Its coming up on 18 months since the Alabama Shakes released their debut album, 2012s Boys & Girls (ATO Records). The band is still out touring for it, including a Friday night show in Cary, and you might say theyre just a bit ... well, restless. If you come around the bands tour bus while theyre here, its a lead-pipe cinch that Boys & Girls isnt what you'll hear them listening to.
By now, I dont ever listen to those songs and I dont care to hear em anymore, says guitarist Heath Fogg, calling from a rare day off at home in Athens, Ala. But I still enjoy playing them. For me, its a struggle to play them correctly night after night. Not that theyre all that difficult, but nailing them every night is still a challenge even after all this time. Were fortunate to play for some good crowds, which makes it fun. It would be different if we were playing in front of people who didnt want to hear us; that would be negative. But the last year and a half has been very positive.
Indeed it has. The Shakes were one of last years most appealing and least likely breakthrough stories a young quartet from small-town Alabama playing swampy blues-rock with a powerful-voiced frontwoman. But despite the obvious appeal of singer/guitarist Brittany Howard, the Shakes seemed destined for life on the bar-band circuit until they picked up the endorsement of several influential fans, Jack White and Drive-By Truckers Patterson Hood.
A few well-received opening-act slots brought the buzz up to full volume, which paid off when Boys & Girls was released. The album's lead-off track, Hold On, was a hit on radio and pushed the album into the top 10. Along with three Grammy nominations, the album also picked up a gold record.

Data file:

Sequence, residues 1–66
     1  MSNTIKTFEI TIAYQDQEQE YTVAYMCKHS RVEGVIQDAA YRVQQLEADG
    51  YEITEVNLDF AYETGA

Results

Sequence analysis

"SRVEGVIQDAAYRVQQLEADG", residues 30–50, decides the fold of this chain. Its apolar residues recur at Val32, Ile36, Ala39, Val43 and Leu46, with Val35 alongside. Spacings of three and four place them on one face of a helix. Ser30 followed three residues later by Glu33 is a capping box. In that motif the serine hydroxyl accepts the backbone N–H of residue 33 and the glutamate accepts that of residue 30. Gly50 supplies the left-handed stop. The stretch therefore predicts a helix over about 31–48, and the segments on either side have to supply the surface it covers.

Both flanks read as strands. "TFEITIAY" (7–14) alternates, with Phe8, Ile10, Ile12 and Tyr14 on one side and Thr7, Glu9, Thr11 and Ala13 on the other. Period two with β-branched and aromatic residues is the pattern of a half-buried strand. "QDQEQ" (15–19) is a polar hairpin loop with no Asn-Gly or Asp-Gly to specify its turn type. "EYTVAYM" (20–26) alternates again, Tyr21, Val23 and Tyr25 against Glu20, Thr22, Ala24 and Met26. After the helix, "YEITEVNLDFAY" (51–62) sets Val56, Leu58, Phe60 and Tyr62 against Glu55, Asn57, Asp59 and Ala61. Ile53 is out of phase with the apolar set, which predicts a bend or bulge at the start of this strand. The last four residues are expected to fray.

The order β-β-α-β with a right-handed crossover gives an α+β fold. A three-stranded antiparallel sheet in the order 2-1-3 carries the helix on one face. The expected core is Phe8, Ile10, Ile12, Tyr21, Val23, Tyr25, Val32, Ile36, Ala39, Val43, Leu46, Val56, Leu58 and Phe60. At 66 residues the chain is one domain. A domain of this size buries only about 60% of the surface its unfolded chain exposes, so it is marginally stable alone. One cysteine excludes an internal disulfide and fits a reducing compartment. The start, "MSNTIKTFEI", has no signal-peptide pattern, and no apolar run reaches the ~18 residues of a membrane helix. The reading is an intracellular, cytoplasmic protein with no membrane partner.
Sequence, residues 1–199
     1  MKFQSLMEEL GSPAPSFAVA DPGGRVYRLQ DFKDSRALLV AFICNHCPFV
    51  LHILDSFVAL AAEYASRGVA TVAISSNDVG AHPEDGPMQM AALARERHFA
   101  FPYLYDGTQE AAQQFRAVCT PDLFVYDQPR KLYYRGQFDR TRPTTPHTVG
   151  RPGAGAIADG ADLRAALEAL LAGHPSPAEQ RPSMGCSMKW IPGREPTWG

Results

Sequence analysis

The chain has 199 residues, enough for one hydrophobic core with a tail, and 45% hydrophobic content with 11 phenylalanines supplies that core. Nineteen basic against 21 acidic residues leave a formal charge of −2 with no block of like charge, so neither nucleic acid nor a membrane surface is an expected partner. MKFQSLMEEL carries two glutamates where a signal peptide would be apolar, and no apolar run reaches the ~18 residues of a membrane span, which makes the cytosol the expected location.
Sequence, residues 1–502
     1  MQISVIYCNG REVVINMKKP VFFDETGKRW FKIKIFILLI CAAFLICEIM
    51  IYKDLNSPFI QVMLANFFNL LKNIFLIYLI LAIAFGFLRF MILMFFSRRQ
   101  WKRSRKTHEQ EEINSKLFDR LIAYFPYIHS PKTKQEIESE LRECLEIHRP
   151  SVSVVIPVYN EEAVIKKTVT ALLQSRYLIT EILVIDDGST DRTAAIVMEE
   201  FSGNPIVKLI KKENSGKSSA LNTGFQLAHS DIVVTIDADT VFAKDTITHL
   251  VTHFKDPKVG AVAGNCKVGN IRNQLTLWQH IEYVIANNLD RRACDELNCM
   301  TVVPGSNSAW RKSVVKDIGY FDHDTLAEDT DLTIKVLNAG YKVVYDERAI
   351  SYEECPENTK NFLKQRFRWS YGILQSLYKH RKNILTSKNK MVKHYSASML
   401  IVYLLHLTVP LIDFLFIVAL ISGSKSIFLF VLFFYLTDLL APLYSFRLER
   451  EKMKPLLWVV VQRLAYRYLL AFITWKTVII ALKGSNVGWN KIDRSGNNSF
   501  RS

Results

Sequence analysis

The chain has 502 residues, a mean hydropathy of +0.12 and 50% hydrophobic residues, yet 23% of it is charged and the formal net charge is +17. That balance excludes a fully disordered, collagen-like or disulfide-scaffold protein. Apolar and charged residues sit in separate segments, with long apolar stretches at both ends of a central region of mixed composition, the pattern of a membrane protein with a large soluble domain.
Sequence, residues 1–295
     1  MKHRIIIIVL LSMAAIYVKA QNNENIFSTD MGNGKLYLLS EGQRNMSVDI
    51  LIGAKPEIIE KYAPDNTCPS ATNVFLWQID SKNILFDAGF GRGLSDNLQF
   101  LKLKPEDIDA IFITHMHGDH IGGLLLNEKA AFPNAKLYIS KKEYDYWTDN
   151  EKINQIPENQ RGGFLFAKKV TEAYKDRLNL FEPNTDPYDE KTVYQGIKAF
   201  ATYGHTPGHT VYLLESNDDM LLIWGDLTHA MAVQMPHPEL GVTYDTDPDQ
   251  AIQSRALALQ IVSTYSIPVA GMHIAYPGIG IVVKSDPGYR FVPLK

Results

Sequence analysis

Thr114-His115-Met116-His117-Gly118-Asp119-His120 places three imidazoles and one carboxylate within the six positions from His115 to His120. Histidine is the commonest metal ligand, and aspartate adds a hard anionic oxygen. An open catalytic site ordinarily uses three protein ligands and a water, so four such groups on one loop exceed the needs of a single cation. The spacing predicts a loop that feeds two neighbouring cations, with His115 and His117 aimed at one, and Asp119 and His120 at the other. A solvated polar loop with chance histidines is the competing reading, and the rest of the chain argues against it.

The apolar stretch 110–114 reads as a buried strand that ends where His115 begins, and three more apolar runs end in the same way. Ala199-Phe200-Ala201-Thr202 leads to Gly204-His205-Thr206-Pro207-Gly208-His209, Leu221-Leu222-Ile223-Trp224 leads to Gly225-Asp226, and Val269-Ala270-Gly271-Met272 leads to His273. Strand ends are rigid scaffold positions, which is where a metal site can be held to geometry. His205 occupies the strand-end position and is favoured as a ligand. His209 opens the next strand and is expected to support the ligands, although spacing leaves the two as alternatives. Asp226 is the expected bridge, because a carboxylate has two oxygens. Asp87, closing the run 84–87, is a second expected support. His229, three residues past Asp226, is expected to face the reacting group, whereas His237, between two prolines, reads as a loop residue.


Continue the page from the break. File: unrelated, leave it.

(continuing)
Time for new music
All of which was great, but now come the inevitable followup pressures. After this last round of touring winds down, the Shakes will spend most of the fall working on songs for the next record.
Were working on em, says Fogg. Weve had some songs for years that weve never done anything with. The last album had some of those. Its just a matter of getting songs together that feel like they belong together, a nice group. Weve got a bunch that are all over the map, so well try to narrow it down and keep on writing. Possibly talk about co-producers, things like that. We have some time off this fall and the plan is to try out different studios and engineers to see what happens.
Of course, a fast rise often leads to an even faster fall, a dynamic that makes the Shakes just that much more eager to get on to the next thing.
The way music is today, its become a disposable medium of entertainment, Fogg says with a sigh. You hear something on the radio and love it at first, until you get sick of it. Hold On fell into that category. We were just in the Netherlands and the label rep was saying, Theyre still playing that on the radio, its still strong. And I wanted to ask, Why not just go on to the next single and let it die peacefully rather than beating it to death? Thats my view. Everythings disposable and people turn their backs as quickly as they latch on. We never anticipated this happening and it would be unrealistic to expect that again. So our focus is on the future and making music that we love, with every song a little bit different. Well never write another Hold On, thats for sure.
Menconi: 919-829-4759 or blogs.newsobserver.com/beat